There's a new concept coming from Microsoft Azure Web Apps called WebJobs where you can have scripts running on a schedule, continuously or simply by invoking them manually.
In this article I'll talk about a simple way of deploying a .NET console application to Microsoft Azure Web Apps which will be deployed as a continuous job.
In short, a continuous job is treated similar to a windows service, as long as it's started/enabled, Azure will make sure it's up, it'll start the process (on all of your instances) and whenever the process goes down it'll simply bring it back up (after a 60 seconds delay).
The executable that is deployed as a continuous job should have some kind of an infinite loop (
Note: While you can experiment with continuous jobs in free or shared websites, it'll only work properly in a standard website that has the "always on" setting set, this is since in free/shared sites the jobs process will be brought down after about 20 minutes of no requests to it (a request to the jobs process can be to check the status of current jobs).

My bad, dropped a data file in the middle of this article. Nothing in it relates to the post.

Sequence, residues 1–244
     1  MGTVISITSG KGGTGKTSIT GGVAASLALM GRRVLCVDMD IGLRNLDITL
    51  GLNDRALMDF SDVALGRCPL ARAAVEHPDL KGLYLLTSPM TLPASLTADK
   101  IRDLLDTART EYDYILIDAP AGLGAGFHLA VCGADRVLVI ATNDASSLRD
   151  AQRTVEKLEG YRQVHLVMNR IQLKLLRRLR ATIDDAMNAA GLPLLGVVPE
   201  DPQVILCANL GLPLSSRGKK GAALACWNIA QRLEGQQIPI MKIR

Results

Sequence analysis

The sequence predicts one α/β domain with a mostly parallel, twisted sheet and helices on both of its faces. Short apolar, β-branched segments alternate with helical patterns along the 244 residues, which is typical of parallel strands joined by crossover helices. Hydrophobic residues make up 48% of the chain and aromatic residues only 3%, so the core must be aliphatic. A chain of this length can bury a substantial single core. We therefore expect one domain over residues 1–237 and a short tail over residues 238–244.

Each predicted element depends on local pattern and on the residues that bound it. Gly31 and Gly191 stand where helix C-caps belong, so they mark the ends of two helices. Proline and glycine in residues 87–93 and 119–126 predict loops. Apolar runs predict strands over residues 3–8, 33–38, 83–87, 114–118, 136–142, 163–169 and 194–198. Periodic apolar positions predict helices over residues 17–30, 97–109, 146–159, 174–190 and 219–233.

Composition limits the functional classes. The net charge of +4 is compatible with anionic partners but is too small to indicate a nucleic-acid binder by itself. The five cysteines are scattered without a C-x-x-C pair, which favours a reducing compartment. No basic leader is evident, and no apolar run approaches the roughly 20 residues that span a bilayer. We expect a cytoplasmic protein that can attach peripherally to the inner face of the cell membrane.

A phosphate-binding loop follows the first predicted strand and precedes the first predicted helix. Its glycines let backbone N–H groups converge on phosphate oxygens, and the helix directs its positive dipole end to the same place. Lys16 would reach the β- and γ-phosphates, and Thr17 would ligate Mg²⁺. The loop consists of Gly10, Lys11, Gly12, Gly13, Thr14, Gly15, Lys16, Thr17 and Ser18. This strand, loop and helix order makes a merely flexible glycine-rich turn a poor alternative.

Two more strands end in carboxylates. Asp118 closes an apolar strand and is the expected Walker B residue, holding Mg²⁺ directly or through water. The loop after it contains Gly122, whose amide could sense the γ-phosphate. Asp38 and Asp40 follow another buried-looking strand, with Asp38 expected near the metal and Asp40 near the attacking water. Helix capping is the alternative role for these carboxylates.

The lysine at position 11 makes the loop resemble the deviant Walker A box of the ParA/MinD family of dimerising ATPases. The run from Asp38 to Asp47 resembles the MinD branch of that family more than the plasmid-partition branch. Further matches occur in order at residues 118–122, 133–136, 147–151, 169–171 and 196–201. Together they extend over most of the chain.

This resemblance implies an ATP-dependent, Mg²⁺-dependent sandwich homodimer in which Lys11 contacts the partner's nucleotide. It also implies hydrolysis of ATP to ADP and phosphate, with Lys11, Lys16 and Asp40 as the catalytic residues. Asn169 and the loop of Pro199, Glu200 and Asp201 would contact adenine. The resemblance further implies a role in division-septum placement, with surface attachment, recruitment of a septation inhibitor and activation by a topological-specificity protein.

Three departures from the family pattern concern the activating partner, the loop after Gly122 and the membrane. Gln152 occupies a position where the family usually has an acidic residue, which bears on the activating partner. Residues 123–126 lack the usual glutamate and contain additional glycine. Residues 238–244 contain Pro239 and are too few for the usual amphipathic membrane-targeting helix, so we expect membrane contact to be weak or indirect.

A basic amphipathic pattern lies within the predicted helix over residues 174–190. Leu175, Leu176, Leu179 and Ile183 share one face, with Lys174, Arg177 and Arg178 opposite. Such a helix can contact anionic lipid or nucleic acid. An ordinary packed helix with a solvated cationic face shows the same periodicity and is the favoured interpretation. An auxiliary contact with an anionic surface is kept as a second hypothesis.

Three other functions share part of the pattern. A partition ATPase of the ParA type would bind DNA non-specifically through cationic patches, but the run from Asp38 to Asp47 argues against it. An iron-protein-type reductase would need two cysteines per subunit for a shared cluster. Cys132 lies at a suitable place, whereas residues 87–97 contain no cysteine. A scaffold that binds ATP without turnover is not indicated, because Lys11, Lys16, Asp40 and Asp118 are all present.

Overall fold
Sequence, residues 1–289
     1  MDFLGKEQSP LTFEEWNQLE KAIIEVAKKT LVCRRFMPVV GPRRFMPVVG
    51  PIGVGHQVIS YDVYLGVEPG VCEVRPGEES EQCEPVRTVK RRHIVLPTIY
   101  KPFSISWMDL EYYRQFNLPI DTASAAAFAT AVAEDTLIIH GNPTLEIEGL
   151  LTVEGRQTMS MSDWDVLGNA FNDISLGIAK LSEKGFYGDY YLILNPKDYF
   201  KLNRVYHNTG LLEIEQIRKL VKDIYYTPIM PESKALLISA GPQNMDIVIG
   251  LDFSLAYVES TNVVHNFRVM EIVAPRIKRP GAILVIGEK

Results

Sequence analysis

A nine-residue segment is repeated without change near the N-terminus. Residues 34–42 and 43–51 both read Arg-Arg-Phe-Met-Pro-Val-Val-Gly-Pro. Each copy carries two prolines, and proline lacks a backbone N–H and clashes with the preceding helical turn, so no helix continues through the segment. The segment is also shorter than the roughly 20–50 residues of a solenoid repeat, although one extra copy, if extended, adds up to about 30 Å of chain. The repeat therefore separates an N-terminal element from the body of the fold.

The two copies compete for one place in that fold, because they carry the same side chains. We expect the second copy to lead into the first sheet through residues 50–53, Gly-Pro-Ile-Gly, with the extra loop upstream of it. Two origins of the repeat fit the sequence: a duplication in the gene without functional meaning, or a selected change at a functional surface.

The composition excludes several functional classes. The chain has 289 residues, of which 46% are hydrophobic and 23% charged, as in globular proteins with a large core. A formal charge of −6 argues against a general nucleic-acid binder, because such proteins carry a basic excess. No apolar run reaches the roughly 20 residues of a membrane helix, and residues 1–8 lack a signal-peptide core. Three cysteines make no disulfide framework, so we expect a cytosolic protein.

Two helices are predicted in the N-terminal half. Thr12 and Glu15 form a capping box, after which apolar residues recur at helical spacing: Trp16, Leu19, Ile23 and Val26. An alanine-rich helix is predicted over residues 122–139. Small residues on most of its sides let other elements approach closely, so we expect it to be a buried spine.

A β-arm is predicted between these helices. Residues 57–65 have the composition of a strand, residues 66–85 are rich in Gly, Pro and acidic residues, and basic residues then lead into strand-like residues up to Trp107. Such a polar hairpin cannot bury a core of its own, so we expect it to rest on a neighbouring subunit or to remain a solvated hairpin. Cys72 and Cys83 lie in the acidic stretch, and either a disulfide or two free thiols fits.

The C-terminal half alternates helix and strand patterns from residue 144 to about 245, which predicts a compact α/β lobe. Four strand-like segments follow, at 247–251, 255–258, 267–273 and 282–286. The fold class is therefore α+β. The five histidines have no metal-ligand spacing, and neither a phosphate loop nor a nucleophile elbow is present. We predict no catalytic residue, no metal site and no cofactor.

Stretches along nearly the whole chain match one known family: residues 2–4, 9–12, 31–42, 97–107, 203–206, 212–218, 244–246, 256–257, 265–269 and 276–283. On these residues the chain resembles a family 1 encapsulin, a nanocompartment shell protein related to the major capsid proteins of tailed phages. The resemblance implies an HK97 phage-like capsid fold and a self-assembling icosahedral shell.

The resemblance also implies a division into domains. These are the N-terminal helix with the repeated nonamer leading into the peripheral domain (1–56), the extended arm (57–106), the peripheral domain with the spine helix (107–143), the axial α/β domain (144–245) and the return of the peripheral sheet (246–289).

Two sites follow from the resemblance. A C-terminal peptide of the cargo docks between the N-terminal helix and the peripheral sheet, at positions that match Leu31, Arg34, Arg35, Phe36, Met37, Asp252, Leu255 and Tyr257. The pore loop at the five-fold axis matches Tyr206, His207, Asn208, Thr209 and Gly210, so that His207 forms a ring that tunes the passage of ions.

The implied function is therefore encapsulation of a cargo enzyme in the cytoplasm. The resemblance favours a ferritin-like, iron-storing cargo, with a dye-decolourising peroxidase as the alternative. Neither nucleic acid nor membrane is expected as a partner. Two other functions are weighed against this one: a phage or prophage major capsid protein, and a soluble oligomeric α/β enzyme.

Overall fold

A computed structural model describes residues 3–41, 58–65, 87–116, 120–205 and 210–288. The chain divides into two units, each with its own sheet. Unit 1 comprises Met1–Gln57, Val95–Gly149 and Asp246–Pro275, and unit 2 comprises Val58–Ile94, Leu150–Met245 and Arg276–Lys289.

Enough chit-chat, now to the main event, we have .NET code which we want to (continuously) run on Azure, here are the steps:
Add your code to a git repo.
git add .
git commit -am Coding
Create a new web site with source control.
Push the repository to your site.
git push http://.../.git master
That's it, you now have your .NET console application running on Microsoft Azure Web Apps, just go to the WEBJOBS tab and take a look.
Note: Don't forget to enable the Always On feature if you're on standard to make sure this job will never stop running.
Now to see the continuous job logs click on the "logs" link (you'll need to enter your publishing user name and password, if you're on chrome even better - it just works), there you would see all the system logs (when the job started, stopped, etc...).
To see the logs produced by the application (console output and error) you need to enable application logging under the CONFIGURATION tab, your logs can go to your file system/azure storage table or blob.
Note: You can also use app settings/connection strings which would come from the site's configuration, same as you would do for your ASP.NET website.
There are more awesome things to say about webjobs, but that's in next posts.